Reviewed by Michael Thad Allen (Georgia Institute of Technology)
Published on H-German (July, 2002)
This well-illustrated book contains several photographs of giant masses of doped fabric and metal hulls wrenched into shapes akin to the balloons twisted by carnival clowns, but Guillaume de Syon argues that the Zeppelin airships were far more than technological boondoggles and failures--although they were also that. Despite dynamic publicity and ingenious engineering, the airships failed in both war and peace for more than thirty years. But to de Syon the failure is the intriguing thing. Failures, he notes, can tell us as much or more about techno-nationalism than success. How did this "machine that was neither practical nor designed for mass consumption nevertheless [assume] a central place in determining European understandings of aviation technology" (p. 207)? The dirigible was far more effective as a symbol than it ever was as a flying machine, and so it remains. While we do not call airplanes "Wrights" or hot air balloons "Montgolfiers," "Zeppelin" (eponym of Graf Ferdinand von Zeppelin) has retained enough aura to serve as the name of the rock band that invented heavy metal.
Rigid frame airships captured the popular imagination by providing a surplus of what David Nye has called the "technological sublime": Zeppelins impressed with sheer scale, geometrical precision, soaring heights, and complexity. On the other hand, all Germans could witness them in common. Mass audiences gathered spontaneously in fields, town squares, and roof tops to watch them pass. The blimps provided a spectacle in which all, rich and poor, were humbled and bidden to feel small; at the same time, Germans saw them as the embodiment of the national "inventive spirit" and other hallowed values of Germandom. David Nye identifies the technological sublime as unique to American nationalism, but de Syon convincingly shows that it was prevalent in Germany as well. German nationalism has become a distasteful subject because of the Nazi period, but de Syon's most intriguing and original contribution here is to show how varied "Germandom" could be over time. The Zeppelin's symbolism changed subtly through three political regimes. And precisely because it predated National Socialism, its symbolism was not inexhaustibly protean. In Wilhelmine Germany the blimp quickly became associated with Germany's search for a "place in the sun"; it was a visual example of the surging industrial might that Germans expected to convert into world power status. But de Syon is quick to point out that the airship did not just symbolize generic nationalism. Many saw it as a German symbol precisely because the Graf himself was often at odds with Prussian officialdom. One contemporary satiric cartoon shows a Zeppelin approaching Berlin, coattails draped over its posterior. Turning aft at Brandenburg gate, it raises them and moons the Kaiser. Thus the blimps were an icon of imperial bourgeois counter-culture.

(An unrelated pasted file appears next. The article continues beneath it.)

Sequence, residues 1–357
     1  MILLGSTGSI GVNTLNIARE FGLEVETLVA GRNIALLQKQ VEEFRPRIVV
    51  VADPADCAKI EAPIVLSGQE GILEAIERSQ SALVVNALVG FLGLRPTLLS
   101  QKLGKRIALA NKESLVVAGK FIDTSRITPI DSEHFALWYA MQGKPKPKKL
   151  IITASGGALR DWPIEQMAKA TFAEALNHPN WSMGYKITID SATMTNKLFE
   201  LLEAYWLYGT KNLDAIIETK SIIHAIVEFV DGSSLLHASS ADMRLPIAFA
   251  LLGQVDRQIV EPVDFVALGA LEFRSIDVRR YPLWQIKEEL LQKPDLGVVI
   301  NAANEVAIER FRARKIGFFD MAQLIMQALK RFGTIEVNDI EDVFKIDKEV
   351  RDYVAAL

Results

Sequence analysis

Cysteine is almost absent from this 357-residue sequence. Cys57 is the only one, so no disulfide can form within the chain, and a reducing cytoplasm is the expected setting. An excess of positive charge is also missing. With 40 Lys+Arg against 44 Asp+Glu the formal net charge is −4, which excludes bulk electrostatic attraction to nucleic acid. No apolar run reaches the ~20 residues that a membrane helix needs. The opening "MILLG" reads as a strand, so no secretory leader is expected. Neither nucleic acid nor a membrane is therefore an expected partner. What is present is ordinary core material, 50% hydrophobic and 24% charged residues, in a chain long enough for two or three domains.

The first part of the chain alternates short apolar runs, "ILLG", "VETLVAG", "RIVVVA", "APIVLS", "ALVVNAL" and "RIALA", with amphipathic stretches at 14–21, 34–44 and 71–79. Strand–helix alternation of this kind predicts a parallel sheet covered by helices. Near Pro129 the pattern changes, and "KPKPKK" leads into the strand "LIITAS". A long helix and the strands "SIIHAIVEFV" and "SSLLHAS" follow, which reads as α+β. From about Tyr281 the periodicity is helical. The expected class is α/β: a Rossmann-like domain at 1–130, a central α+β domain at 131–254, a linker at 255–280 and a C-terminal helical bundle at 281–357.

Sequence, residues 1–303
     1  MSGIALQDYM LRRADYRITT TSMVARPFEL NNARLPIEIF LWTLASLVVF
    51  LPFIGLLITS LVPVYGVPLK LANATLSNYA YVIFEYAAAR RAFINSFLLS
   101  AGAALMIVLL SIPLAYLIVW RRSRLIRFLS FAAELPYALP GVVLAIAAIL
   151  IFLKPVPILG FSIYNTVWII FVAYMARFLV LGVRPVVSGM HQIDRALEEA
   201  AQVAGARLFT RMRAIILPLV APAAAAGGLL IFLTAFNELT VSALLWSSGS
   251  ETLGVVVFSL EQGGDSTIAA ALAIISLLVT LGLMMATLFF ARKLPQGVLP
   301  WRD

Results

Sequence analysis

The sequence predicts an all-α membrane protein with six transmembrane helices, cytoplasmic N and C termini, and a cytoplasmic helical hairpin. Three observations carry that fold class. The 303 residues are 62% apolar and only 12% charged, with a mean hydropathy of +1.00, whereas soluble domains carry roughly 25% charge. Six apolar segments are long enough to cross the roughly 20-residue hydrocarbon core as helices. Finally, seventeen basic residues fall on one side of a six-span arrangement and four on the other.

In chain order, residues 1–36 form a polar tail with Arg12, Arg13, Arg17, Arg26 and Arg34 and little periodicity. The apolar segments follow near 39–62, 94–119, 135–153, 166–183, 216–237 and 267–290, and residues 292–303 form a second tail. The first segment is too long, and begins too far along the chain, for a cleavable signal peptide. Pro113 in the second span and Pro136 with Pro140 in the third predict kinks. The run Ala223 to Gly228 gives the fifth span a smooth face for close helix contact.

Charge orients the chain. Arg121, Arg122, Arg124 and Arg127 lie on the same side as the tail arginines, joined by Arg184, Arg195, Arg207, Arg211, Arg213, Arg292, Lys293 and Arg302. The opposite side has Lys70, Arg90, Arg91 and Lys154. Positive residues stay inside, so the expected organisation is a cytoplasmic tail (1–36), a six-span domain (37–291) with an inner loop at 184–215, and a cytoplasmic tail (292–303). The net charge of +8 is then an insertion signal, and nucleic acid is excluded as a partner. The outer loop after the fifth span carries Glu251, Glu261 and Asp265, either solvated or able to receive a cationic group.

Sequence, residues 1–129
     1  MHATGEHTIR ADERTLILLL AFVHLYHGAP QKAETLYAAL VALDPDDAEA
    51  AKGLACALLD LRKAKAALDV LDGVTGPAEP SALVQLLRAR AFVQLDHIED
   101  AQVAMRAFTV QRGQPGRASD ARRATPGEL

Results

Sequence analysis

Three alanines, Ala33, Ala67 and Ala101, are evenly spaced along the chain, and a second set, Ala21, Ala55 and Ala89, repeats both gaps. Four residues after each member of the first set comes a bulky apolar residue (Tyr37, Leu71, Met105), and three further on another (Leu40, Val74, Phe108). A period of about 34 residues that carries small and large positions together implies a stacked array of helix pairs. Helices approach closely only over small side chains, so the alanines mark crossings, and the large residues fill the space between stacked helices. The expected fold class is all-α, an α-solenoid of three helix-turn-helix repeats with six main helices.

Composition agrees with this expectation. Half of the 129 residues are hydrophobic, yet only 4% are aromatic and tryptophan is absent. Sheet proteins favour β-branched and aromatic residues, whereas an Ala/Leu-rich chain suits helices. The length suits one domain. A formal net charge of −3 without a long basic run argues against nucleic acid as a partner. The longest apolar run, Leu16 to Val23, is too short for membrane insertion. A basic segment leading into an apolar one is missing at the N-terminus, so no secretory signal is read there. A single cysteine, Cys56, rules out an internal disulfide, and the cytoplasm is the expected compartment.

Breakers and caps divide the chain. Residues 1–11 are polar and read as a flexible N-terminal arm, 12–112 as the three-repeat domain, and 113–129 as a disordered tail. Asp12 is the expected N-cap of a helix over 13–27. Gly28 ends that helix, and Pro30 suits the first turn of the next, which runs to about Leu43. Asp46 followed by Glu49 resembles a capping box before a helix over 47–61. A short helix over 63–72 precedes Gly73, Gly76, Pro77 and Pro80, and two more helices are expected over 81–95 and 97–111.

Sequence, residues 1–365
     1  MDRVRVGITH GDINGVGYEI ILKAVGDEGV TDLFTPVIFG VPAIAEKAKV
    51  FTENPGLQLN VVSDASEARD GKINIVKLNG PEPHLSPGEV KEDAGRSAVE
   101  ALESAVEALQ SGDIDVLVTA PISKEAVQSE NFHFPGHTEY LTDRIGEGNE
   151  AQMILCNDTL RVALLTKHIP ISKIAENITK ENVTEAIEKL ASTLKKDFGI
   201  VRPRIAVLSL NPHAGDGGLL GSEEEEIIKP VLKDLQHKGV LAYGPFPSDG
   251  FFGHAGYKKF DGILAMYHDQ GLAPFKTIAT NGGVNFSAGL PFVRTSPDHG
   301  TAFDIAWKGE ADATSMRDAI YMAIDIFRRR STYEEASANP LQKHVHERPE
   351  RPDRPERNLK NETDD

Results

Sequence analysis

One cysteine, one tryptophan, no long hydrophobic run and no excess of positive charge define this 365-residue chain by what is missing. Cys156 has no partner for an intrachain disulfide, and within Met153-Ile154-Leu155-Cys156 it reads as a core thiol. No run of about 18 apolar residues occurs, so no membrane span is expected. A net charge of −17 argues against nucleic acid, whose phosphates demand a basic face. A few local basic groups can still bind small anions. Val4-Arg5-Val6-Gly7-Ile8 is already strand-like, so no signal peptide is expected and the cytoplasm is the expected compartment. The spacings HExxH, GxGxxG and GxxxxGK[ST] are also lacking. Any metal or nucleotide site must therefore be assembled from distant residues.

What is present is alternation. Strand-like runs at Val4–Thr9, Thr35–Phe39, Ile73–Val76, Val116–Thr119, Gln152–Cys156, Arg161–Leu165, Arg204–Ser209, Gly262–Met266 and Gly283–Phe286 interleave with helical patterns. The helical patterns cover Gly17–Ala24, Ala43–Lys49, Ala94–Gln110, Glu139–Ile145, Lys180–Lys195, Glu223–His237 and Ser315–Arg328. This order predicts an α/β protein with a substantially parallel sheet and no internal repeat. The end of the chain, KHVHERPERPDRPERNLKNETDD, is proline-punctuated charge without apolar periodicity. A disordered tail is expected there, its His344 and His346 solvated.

By 1914 the Zeppelins had become another symbol of what Paul Fussel has identified as the giant, cruel irony of World War I. The German General Staff felt loath to abandon the airships for fear of the public outcry, despite reservations about their tactical utility. Of 117 commissioned airships, the Entente powers shot down thirty-nine. A further forty-two were lost to other factors. When the Graf died in 1917, as tireless a promoter as ever, his passing was not necessarily mourned by the military brass. His constant hawkish calls to use the airships for bloody vengeance were not only unrealistic; they obstructed Theobald von Bethmann-Hollweg's attempts to arrange a negotiated settlement.
The rigid-frame airships survived the war, now as icons in a political religion of German modern ide identity. In the Weimar Republic, the airships' persistence was owed mostly to the tireless promotion of Hugo Eckener (who briefly flirted with running for president in 1932 against Adolf Hitler). From 1918 to 1933 the Zeppelin symbolized Germans' unique "cultural" achievements at a time when few others remained to them. It was also a symbol of the injustice of the Versailles treaty, which required Germans to dismantle its aircraft industry. If obeyed to the letter, Erkener and others argued, the airships--a unique German contribution to the progress of humanity--would be lost. The Zeppelin corporation launched transatlantic flights, an international scientific expedition to the North Pole, and planned routes to South America and Africa in the name of knitting the world together in peace and commerce.